LERWICK Up Helly Aa day will see a more sombre Viking related event taking place in the Edinburgh Court Session next month.
On Monday anti-Viking Energy campaign group Sustainable Shetland confirmed they would proceed with a judicial review of the Scottish government’s decision to grant consent to the 103 turbine development.
The group voted unanimously last week to go ahead with the legal move, which they hope will lead to a local public inquiry into the wind farm.
The case has been set down for 29 January and is expected to last four or even five days.
The decision to proceed follows a court order that limits the group’s costs to £5,000 if they lose the case. Scottish ministers are having their costs capped at £30,000.
Sustainable Shetland argue that the government acted unlawfully or unreasonably when it granted consent in April for a 457 megawatt wind farm to be built across Shetland’s central mainland.
The group says the number of objections was not taken into proper consideration, that ministers gave inadequate reasons for not holding a public inquiry and failed to take account of the impact on whimbrel, a protected species, and the landscape.
The government had previously argued that no public inquiry was necessary after Shetland Islands Council supported the development, despite thousands of people signing a petition opposing the project.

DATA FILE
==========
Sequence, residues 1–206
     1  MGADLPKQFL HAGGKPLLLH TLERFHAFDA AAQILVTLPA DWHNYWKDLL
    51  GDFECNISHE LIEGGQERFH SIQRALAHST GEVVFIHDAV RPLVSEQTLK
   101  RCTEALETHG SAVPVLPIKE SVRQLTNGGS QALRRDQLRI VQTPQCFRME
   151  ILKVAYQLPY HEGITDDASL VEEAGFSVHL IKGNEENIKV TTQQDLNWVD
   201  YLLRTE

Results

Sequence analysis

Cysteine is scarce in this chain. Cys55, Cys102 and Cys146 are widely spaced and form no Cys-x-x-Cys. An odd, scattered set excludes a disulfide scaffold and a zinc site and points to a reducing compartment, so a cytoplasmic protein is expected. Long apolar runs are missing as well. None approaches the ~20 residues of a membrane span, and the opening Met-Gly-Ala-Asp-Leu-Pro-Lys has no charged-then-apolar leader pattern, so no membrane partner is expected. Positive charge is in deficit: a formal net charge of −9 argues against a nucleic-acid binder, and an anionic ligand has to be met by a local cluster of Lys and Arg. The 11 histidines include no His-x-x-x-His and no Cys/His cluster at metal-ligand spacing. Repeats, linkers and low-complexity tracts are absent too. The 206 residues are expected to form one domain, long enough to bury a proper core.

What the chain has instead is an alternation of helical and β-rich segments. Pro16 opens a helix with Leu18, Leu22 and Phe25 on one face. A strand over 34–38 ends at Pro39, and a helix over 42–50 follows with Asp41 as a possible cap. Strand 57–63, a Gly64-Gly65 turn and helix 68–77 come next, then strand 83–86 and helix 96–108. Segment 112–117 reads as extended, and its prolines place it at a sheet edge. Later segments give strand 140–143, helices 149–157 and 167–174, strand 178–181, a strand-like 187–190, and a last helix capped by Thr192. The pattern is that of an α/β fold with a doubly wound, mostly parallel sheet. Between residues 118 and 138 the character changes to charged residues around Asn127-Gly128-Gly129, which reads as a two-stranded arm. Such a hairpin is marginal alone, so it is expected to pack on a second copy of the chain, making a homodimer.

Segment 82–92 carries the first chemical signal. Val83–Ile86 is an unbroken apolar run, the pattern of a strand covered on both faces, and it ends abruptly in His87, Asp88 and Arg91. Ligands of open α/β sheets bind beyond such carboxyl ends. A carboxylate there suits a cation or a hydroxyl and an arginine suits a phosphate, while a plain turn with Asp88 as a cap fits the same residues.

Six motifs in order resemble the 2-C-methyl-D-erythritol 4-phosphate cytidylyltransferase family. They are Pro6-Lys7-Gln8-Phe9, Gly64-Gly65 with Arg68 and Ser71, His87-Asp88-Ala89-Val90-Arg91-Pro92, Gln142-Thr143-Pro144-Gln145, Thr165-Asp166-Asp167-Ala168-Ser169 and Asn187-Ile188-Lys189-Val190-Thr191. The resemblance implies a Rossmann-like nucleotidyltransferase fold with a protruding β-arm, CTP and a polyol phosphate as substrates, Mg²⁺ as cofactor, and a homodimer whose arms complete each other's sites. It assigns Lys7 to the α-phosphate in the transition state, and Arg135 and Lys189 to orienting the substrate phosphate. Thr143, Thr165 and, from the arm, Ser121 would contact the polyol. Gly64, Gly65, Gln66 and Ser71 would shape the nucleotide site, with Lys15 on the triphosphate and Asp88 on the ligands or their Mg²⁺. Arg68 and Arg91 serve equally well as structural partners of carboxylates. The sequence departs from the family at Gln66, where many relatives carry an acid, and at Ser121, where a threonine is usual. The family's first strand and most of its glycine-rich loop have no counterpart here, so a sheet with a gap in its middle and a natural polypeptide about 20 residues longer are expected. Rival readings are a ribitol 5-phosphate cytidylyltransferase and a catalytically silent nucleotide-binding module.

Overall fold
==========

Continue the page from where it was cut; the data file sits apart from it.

Critics said there had been a conflict of interest as all councillors also sat as trustees of Shetland Charitable Trust, which has a 45 per cent stake in the wind farm, however they were later cleared of breaching the code of conduct by the Standards Commission.
Viking Energy, a partnership between the charitable trust, local businessmen and Scottish and Southern Energy, hope to start erecting the first turbines in 2017.
Sustainable Shetland will be represented by Sir Crispin Agnew of Lochnaw QC, and will be paying their own legal costs from moneys raised through a variety of fundraising efforts.
When he successfully argued for the campaigners’ costs to be limited, Sir Crispin told the court the Viking Energy was five times the size of a normal wind farm.
Sustainable Shetland chairman Andrew Halcrow said that they would not have gone ahead with the judicial review if their costs had not been protected.
He said it was only the fifth such order to be awarded in Scotland and had been recommended by the Scottish government.
“We are not just doing this for devilment,” Halcrow said. “It’s a serious attempt to try and overturn the Scottish ministers’ granting of consent, because we feel it was not done legally.
“We feel they did not look fully at the negative aspects of the wind farm and there is a definite legal challenge to be made.”
Halcrow said he understood that Viking Energy would be represented at the hearing, even though the case was not being taken against them directly and they had no reason to be there.
A Scottish Government spokesperson said Scottish ministers were considering the petition.
“Given that the petition is a live case before the court it would be inappropriate to comment on the petition,” she said.
A spokeswoman for Viking Energy said they had no comment to make at this stage.
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